Why You Need a Strong Sense of Self and How to Boost It

Why You Need a Strong Sense of Self and How to Boost It

Happiness is by no means a solo-sport.

Among other things, happiness depends on connection and community.

But happiness can be very fragile if personal identity is not strong; who are you and what do you value.

If that sounds interesting to you then this great article from Psych Central by Christiana Star is well worth reading …

When life is busy or challenging, most people get so caught up in what goes on in their head that they forget all about the rest of their body. But problems and difficulties are best addressed with the whole of you. If you focus on your issues with a strong sense of self — rather than only your mind — your confidence and inner compass have a solid base for operating in the world. This is enhanced by being fully present in the here and now — rather than dwelling on the past or projecting thoughts into the future.

The term “sense of self” relates to the perception you have of yourself, your self-image. You know who you are, and are okay with it. But if your view of yourself is dominated by the inner critic, your sense of self is compromised. Your authenticity, confidence and vitality will suffer.

To develop and strengthen a realistic sense of self, focus on the following qualities:

Find encouragement and support through 1-1 messaging and advice from others dealing with major depressive disorder.

Know Yourself

Realistic self-knowledge and self-awareness are a prerequisite for operating from a position of authenticity. Make sure you know how you tick: your values, beliefs and traits, how you are in the world and how you interact with others.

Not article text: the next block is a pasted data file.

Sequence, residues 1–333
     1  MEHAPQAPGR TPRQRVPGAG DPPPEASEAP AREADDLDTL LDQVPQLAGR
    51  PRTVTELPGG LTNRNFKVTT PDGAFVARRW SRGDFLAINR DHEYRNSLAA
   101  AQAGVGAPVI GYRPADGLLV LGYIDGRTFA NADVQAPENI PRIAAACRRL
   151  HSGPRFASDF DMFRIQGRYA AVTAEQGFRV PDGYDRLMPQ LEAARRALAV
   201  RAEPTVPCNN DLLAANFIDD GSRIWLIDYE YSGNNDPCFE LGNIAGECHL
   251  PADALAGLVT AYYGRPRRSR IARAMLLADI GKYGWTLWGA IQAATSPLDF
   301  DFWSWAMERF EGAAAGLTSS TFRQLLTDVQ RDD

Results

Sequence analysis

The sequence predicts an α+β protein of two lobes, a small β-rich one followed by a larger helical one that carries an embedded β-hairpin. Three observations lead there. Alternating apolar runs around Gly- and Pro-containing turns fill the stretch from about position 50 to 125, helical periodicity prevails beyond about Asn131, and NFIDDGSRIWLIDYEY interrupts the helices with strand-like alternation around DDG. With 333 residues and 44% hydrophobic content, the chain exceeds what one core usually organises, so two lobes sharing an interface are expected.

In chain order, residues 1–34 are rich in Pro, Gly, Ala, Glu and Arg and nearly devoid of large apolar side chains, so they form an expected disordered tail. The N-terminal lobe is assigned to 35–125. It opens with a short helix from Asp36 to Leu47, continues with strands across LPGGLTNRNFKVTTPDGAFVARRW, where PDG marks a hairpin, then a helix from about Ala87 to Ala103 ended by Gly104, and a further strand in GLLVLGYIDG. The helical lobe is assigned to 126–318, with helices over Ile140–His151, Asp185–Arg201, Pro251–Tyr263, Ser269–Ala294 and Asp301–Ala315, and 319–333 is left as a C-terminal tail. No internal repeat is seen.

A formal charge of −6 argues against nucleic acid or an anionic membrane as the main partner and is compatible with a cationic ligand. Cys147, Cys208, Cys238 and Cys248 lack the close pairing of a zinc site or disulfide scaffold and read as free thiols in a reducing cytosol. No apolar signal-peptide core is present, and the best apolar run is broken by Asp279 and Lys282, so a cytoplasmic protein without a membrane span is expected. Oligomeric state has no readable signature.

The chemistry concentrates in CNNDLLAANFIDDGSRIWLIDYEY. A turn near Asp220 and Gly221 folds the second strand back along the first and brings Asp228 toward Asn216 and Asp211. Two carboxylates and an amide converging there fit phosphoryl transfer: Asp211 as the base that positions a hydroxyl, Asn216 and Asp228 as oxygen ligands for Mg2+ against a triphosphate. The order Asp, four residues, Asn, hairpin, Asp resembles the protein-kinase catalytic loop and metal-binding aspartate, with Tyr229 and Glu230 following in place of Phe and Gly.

Accept Yourself

Self-acceptance is one of the most important qualities to develop. Self-esteem feeds off performance and achievements, boosting feelings of self-worth when there is something to be proud of. The problem is, that once performance drops, self-esteem plummets, as many retired athletes have experienced.

With self-acceptance you do not only focus on the ‘good’. You know the whole picture of who you are — good, bad, indifferent. You do not shy away from acknowledging your talents, skills and successes. But more than that, you also accept shortcomings, failures and hiccups without trying to hide them or engaging in serious self-recrimination.

Self-acceptance knows that imperfection is an unavoidable part of being human. It is about being realistic and honest — with understanding, self-compassion and the willingness to face those parts of yourself that might require a tune-up…

… keep reading the full & original article HERE